Thursday, June 28, 2012

Georgia Caprese Salad – a Peachy Southern Twist to an Italian Classic



This salad is a peachy southern twist to an Italian caprese salad that substitutes ripe, sweet Georgia peaches for the traditional tomatoes found in caprese salads. The local peaches this year have been exceptionally sweet and delicious. This time of the year most of our peaches come from Georgia and South Carolina.

Picking out peaches can be tricky though. Normally when you see them they haven’t quite ripped yet and can be hard. Don’t worry, just bring them home and store them on the counter for a few days and they will ripen before you know it. I say “before you know it” because peaches can get away from you. One day they are still hard and the next day they will be perfect. If you don’t catch them at just their peak of ripeness, they shrivel and should be thrown away. Of course you know this, but always avoid buying any kind of fruit that is bruised.


I also pick up a peach and smell it before I buy it. When you take a whiff, if you don’t detect a faint peach smell, keep looking until you find one that actually smells like a peach.

The vinaigrette for this salad contains honey to bring out the sweetness of the peaches. A little tip about measuring honey – if you use the oil first in your spoon, followed by the honey, the honey won’t stick to your spoon.

The combination of the mint and basil in this salad just brings all of the flavors together beautifully. We served it with my father’s southern “unfried” chicken for lunch and it was a big success. I hope you enjoy it as much as we did.


Georgia Caprese Salad with Lime Vinaigrette
Adapted slightly from Southern My Way by Gena Knox – serves 4

Vinaigrette:
Juice and zest of 1 lime
1 tablespoon champagne or white wine vinegar
4 tablespoons extra virgin olive oil
1 tablespoon honey
1 tablespoon water
½ teaspoon salt

Salad:
4 ounces tiny water-packed mozzarella cheese balls
4 ripe peaches (southern if you can find them), unpeeled, each cut into eight wedges
Freshly ground black pepper to taste
6 tablespoons fresh basil leaves, torn into pieces
3 tablespoons fresh mint leaves, torn into pieces

Prepare the vinaigrette by combing the ingredients in a glass jar with a screw top lid. Shake well to combine and set aside. Cut cheese into 1-inch pieces (or leave whole if they are small balls) and gently toss with the peaches. Add the vinaigrette and toss again gently. Add a little freshly ground black pepper and the basil and mint pieces. Serve right away.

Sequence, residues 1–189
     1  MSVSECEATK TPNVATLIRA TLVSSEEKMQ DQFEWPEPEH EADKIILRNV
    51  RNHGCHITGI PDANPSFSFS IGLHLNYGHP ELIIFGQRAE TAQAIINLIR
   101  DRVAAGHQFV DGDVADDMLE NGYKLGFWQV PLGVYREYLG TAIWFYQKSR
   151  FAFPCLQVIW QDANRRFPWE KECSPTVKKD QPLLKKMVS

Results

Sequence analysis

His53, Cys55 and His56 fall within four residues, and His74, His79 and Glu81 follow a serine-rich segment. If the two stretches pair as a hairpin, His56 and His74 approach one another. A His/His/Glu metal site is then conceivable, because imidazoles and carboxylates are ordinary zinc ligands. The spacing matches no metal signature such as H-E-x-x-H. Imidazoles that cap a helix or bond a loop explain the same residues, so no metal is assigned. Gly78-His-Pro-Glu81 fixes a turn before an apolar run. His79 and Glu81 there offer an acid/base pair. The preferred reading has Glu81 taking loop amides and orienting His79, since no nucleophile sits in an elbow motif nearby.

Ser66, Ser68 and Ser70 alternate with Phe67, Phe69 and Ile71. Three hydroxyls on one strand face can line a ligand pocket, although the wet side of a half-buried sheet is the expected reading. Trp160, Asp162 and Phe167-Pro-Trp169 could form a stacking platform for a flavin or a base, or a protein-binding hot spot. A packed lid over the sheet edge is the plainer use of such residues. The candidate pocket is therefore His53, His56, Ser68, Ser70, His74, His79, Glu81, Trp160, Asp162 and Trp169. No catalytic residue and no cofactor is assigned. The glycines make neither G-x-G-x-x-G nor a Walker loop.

These are two other peach recipes that I’ve made in the past that I think you’ll enjoy during peach season.

Stuffed tomatoes recipe - this stuffing is fabulous with the crunch of the cucumber and red onion mixed with the corn, peaches and basil. I almost ate it before I stuffed the tomatoes.



The silkiness of the peaches and prosciutto goes well with the salty prosciutto in this green salad in this recipe.


For those of you celebrating the 4th of July next week, I hope you and your family have a safe and happy holiday.

This guy was in our driveway the other morning enjoying a few tender shoots for breakfast. As you can see, he wasn’t the least bit afraid of us. Trouble is, sometimes his breakfast of tender shoots includes the leaves of our azalea bushes!




Thursday, June 21, 2012

Lentil Salad – Delicious and Easy for Busy Days



A lentil salad is one of those year-around meals that I rely on for a delicious dinner  when I’m tired from a busy day and want something substantial but easy to put together without too much fuss. Most lentil salads contain a mirepoix (equal parts chopped onion, celery, and carrot) of aromatics and are tossed with a French vinaigrette. The one I present today is gently warmed lentils, carefully tossed in red wine vinaigrette, then enriched with a garnish of browned, smoky / spicy kielbasa sausage rounds.  To complete the meal, add a simple green salad and pour yourself a glass of red wine.

Lentil salads also make a great vegetarian meal, as shown here tossed with a sherry vinaigrette and garnished with little rounds of goat cheese. Click here for the recipe.


If you can find the tiny French green lentils known as lentilles du Puy, by all means use them. They are from the Auvergne area of France and well worth seeking out. Amazon sells them on line and I find that Fresh Market in the states always has them.

For this recipe today, I used, out of necessity, supermarket brown lentils. I thought I had a package of French lentils on my shelf and when I reached for them, surprise, they weren’t there. I must have used the last one and didn’t make a note to buy more. The salad turned out fine, but I think it is much better with the French lentils. The French variety has more flavor and they don’t tend to turn to mush as the supermarket variety tends to do. You can also see the difference by comparing the picture of the salad garnished with the goat cheese above to the one with the kielbasa, that the French lentils are dark brown and look firmer when cooked compared to the pale color & texture of the cooked supermarket ones. So - do as I say, not as I do. But - if you must use ordinary lentils, check them often while they simmer and take extra special care not to overcook them.


Lentil Salad Garnished with Smoky Kielbasa Slices
Adapted from Gourmet Comfort Food – serves 4 as a main course

2 cups lentils, preferably French green lentils (13 oz)